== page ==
EP0949574A2 - Customizable multimedia segment structures - Google Patents

Customizable multimedia segment structures Download PDF

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Publication number
EP0949574A2
EP0949574A2 EP99301438A EP99301438A EP0949574A2 EP 0949574 A2 EP0949574 A2 EP 0949574A2 EP 99301438 A EP99301438 A EP 99301438A EP 99301438 A EP99301438 A EP 99301438A EP 0949574 A2 EP0949574 A2 EP 0949574A2
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EP
European Patent Office
Prior art keywords
segment
multimedia
mac
electronic device
structure
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Legal status (The legal status is an assumption and is not a legal conclusion. Google has not performed a legal analysis and makes no representation as to the accuracy of the status listed.)
Withdrawn
Application number
EP99301438A
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German (de)
French (fr)
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EP0949574A3 (en
Inventor
John R. Martin
Charles D. Rentmeesters
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Arachnid Inc
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Arachnid Inc
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Publication date
Family has litigation
Priority to US09/047,653 priority Critical patent/US6191780B1/en
Priority to US47653 priority
Application filed by Arachnid Inc filed Critical Arachnid Inc
Publication of EP0949574A2 publication Critical patent/EP0949574A2/en
Publication of EP0949574A3 publication Critical patent/EP0949574A3/en
First worldwide family litigation filed litigation Critical https://patents.darts-ip.com/?family=21950195&utm_source=google_patent&utm_medium=platform_link&utm_campaign=public_patent_search&patent=EP0949574(A2) "Global patent litigation dataset” by Darts-ip is licensed under a Creative Commons Attribution 4.0 International License.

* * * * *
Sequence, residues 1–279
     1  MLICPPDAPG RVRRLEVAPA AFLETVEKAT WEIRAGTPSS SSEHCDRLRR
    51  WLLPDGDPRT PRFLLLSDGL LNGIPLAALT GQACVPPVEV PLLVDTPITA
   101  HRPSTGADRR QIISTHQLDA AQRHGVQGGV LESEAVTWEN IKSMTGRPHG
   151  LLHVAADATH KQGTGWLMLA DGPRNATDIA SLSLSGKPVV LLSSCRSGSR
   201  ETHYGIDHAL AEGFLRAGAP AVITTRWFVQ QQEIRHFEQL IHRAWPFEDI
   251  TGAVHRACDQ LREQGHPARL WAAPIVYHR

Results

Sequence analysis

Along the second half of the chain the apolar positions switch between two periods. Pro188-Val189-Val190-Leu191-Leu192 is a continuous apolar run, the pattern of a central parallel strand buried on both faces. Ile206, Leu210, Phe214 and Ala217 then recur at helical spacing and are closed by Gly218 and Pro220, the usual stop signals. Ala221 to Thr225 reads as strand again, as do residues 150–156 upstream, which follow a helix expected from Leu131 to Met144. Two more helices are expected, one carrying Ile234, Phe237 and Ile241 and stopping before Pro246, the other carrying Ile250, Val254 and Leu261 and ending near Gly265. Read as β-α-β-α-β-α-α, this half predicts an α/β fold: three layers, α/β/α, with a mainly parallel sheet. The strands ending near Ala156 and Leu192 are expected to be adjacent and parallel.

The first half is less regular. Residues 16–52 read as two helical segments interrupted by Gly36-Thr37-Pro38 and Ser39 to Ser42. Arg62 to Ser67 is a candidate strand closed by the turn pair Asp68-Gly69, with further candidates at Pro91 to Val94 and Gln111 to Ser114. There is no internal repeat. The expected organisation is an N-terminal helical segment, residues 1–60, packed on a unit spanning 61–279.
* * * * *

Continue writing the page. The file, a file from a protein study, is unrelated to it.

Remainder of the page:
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    • GPHYSICS
    • G06COMPUTING; CALCULATING; COUNTING
    • G06QDATA PROCESSING SYSTEMS OR METHODS, SPECIALLY ADAPTED FOR ADMINISTRATIVE, COMMERCIAL, FINANCIAL, MANAGERIAL, SUPERVISORY OR FORECASTING PURPOSES; SYSTEMS OR METHODS SPECIALLY ADAPTED FOR ADMINISTRATIVE, COMMERCIAL, FINANCIAL, MANAGERIAL, SUPERVISORY OR FORECASTING PURPOSES, NOT OTHERWISE PROVIDED FOR
    • G06Q30/00Commerce, e.g. shopping or e-commerce
    • G06Q30/02Marketing, e.g. market research and analysis, surveying, promotions, advertising, buyer profiling, customer management or rewards; Price estimation or determination
    • GPHYSICS
    • G06COMPUTING; CALCULATING; COUNTING
    • G06QDATA PROCESSING SYSTEMS OR METHODS, SPECIALLY ADAPTED FOR ADMINISTRATIVE, COMMERCIAL, FINANCIAL, MANAGERIAL, SUPERVISORY OR FORECASTING PURPOSES; SYSTEMS OR METHODS SPECIALLY ADAPTED FOR ADMINISTRATIVE, COMMERCIAL, FINANCIAL, MANAGERIAL, SUPERVISORY OR FORECASTING PURPOSES, NOT OTHERWISE PROVIDED FOR
    • G06Q50/00Systems or methods specially adapted for specific business sectors, e.g. utilities or tourism
    • G06Q50/10Services
    • G06Q50/12Hotels or restaurants

Abstract

Multimedia segment structure defining customizable multimedia presentations. The multimedia segment structure includes at least one MAC segment with multimedia commands invoking multimedia effects and at least one DAT segment including at least one command invoking the MAC segment. At least one of the multimedia commands includes a tokenized argument. The DAT segment includes one or more argument definitions corresponding to the tokenized arguments used in the MAC segments. The commands in the MAC segment, or the MAC segment as a whole are protected against alteration preferably by encryption or password protection. The commands in the MAC segment may instruct the hardware in the electronic device, for example, to produce graphics on the display or actuate attached devices. The commands may also instruct the electronic device to display a bitmap, display an animation or movie, delay or wait, select particular fonts for text display, set transparent colours, and the like.